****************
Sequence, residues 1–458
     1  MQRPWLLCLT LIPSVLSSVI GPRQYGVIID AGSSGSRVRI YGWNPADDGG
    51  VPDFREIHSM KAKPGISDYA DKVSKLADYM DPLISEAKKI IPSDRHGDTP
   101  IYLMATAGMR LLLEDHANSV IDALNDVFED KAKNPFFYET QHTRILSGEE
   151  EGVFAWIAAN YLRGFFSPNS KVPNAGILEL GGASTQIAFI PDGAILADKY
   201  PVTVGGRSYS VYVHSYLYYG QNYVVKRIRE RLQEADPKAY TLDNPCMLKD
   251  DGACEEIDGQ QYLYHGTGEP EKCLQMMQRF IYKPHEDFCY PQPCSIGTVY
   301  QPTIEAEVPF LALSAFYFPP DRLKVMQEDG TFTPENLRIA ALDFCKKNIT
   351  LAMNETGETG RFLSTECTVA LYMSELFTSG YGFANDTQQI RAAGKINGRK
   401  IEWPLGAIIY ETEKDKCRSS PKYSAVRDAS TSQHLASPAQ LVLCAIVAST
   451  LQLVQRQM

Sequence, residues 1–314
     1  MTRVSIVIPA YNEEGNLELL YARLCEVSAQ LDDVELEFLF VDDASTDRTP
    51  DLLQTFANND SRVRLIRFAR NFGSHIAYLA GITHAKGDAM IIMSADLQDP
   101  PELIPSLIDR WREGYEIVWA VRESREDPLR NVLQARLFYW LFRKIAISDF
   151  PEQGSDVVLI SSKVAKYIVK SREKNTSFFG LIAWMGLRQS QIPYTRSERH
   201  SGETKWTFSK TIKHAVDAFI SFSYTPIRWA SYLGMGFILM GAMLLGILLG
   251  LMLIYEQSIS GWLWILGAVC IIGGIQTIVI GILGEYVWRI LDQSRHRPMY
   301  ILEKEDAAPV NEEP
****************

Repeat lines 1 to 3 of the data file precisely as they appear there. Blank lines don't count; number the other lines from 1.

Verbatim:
Sequence, residues 1–458
     1  MQRPWLLCLT LIPSVLSSVI GPRQYGVIID AGSSGSRVRI YGWNPADDGG
    51  VPDFREIHSM KAKPGISDYA DKVSKLADYM DPLISEAKKI IPSDRHGDTP